Saturday, May 24, 2014

It Goes On

Model of L-serine molecule
Moments after the Big Bang, the universe contained hydrogen, helium, and trace amounts of lithium. Once stars coalesced, carbon and oxygen were produced.

Carbon and oxygen are synthesized when helium burns inside red giant stars.
Carbon in the universe is traceable to stars

Carbon-based Life

Carbon is the essential ingredient of life-sustaining organic molecules: carbohydrates; proteins; nucleic acids; and lipids.

Carbon allows for bonds that form three-dimensional molecular structures likened to, and modeled by, rings and chains. Such complex molecular structures provide the building blocks of life.
“In three words I can sum up everything I've learned about life: it goes on.”
Robert Frost

Earth's Carbon

Earth is largely comprised of oxygen and silicon with comparatively little carbon.

Earth exhibits an observable and measurable carbon cycle analogous to a bookkeeper's columnar ledger of debits and credits. Carbon is exchanged between these reservoirs:
  • Biosphere - sum of all ecosystems, or life zone;
  • Pedosphere - outermost layer of Earth comprised of soil and soil formation;
  • Geosphere - solid parts of Earth including, but not limited to, the lithosphere;
  • Hydrosphere - combined mass of water on and under the surface of Earth; and
  • Atmosphere - layer of gases surrounding Earth retained by Earth's gravity.
Earth's carbon cycle is a model for the ongoing flows between each of the reservoirs. Some carbon flows are slow (e.g., on the order of hundreds of millions of years), while others are fast:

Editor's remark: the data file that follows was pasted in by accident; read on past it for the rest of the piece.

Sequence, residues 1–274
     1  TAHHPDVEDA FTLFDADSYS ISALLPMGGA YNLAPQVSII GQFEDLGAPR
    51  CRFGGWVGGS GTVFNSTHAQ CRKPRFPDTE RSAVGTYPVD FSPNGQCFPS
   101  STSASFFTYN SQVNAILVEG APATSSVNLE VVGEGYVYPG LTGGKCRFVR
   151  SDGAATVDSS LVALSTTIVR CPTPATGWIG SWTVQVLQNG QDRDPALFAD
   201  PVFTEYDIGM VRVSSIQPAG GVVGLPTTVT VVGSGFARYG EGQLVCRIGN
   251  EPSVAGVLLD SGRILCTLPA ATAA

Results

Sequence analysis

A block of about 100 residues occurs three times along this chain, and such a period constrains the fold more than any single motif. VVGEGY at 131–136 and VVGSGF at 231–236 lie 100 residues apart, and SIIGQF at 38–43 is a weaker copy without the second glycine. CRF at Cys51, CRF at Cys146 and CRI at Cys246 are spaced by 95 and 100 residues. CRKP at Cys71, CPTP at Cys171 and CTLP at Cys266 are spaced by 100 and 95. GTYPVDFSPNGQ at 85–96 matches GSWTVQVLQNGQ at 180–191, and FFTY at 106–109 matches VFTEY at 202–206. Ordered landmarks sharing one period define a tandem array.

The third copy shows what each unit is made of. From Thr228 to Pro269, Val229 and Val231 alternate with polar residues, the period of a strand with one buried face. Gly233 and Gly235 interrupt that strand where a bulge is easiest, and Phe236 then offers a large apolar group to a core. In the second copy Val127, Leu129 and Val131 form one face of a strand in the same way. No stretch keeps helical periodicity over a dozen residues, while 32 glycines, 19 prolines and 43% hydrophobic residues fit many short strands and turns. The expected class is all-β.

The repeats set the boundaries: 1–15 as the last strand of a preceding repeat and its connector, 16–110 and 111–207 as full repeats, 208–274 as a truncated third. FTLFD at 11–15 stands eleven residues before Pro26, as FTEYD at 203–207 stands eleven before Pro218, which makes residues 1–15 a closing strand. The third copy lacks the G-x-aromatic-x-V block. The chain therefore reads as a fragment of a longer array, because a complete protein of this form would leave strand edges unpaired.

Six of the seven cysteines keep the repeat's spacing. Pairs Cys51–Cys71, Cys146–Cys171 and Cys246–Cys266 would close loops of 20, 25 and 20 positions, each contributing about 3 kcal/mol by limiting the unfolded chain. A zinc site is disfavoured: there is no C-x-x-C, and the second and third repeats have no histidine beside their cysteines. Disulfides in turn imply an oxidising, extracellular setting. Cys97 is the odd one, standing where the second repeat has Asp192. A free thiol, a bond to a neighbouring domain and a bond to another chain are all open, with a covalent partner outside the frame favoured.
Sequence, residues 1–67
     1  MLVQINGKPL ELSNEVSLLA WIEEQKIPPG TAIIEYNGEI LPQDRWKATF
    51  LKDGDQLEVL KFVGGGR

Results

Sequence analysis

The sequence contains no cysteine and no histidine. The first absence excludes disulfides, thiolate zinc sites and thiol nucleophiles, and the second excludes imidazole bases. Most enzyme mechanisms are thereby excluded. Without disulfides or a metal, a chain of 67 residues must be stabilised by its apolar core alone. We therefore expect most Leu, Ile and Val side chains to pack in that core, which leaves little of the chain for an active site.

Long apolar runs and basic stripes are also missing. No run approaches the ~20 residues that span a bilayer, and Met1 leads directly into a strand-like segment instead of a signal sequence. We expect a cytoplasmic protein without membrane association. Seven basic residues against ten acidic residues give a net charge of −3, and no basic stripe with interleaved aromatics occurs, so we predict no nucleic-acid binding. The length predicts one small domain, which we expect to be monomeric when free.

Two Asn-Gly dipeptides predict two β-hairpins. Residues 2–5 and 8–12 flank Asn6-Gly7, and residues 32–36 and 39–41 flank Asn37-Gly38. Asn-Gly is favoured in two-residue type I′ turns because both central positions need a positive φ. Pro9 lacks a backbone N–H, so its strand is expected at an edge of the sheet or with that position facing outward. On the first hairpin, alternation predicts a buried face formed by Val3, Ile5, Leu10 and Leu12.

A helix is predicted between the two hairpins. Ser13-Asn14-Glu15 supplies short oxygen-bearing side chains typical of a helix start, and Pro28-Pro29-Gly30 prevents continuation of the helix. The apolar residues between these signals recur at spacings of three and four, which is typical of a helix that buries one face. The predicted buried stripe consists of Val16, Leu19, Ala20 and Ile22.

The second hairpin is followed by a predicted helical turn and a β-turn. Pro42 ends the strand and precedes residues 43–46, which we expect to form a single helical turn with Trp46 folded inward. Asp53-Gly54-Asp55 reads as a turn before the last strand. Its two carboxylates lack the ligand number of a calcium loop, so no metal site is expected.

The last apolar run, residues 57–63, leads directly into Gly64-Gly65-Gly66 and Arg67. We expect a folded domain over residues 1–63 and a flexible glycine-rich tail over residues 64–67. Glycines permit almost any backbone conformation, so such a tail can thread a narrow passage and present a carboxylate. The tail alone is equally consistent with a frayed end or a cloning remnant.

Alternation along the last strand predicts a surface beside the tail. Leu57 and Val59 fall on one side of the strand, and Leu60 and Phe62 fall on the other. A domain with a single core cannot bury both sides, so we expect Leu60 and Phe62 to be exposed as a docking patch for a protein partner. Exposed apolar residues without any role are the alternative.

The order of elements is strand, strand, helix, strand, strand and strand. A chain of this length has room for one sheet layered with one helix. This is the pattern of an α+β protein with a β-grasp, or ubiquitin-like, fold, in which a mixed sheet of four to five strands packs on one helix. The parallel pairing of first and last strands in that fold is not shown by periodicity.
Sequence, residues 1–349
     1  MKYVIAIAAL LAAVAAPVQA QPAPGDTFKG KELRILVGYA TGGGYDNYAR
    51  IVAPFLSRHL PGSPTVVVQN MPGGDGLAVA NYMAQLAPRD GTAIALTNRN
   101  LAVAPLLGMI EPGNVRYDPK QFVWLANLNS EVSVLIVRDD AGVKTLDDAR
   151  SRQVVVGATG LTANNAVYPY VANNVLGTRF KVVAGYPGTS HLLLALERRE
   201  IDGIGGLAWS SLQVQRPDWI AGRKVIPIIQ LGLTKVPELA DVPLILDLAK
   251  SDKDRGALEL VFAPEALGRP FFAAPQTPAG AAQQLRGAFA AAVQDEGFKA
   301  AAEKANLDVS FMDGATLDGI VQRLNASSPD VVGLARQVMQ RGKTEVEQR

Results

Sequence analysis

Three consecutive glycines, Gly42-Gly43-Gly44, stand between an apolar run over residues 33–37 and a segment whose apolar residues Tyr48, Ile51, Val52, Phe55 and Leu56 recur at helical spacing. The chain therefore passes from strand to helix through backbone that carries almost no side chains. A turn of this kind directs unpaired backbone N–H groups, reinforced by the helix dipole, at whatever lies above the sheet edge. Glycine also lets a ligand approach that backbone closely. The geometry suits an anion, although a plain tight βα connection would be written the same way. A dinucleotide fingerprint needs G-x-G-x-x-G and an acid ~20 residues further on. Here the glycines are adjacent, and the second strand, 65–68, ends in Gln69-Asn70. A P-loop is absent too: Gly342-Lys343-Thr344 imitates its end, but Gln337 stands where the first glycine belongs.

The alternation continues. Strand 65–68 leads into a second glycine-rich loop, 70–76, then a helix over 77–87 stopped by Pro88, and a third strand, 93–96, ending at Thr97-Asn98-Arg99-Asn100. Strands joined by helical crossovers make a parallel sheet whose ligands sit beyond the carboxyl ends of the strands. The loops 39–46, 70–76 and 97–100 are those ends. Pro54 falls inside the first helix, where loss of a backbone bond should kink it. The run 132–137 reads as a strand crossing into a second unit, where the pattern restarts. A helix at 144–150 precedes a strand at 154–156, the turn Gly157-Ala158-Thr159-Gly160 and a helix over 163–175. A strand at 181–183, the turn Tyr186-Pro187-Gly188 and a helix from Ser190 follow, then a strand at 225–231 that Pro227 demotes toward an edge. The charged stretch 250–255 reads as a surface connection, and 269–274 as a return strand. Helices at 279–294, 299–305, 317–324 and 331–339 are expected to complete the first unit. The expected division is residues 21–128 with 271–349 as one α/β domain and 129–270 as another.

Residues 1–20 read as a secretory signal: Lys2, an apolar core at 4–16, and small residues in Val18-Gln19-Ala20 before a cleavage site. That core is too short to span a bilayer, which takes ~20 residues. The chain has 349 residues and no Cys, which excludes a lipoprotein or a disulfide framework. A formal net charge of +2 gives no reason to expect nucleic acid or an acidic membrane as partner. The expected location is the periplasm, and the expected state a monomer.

• Slow Carbon Cycle - Over the span of geologic time (100 - 200 million years), chemical reactions, tectonic events, and volcanic events occur that transfers carbon between rocks, soil, ocean, and atmosphere.
  • Fast Carbon Cycle - Plants, and phytoplankton in the ocean, absorb carbon dioxide (CO2) from the atmosphere into their cells via photosynthesis, then return CO2 via cellular respiration and microbial decomposition.

Fast carbon cycle depicting exchange of carbon between reservoirs

“Originally, the atoms of carbon from which we’re made were floating in the air, part of a carbon dioxide molecule. The only way to recruit these carbon atoms for the molecules necessary to support life—the carbohydrates, amino acids, proteins, and lipids—is by means of photosynthesis. Using sunlight as a catalyst the green cells of plants combine carbon atoms taken from the air with water and elements drawn from the soil to form the simple organic compounds that stand at the base of every food chain. It is more than a figure of speech to say that plants create life out of thin air.”
Michael Pollan, The Omnivore's Dilemma: A Natural History of Four Meals

Monitoring Earth's Carbon

NASA will launch the Orbiting Carbon Observatory-2 satellite in July 2014. It will record atmospheric CO2 from space. The data will be used to map CO2 sources and sinks and to provide insight into its variability over seasonal cycles.

You will die but the carbon will not; its career does not end with you. It will return to the soil, and there a plant may take it up again in time, sending it once more on a cycle of plant and animal life.
Jacob Bronowski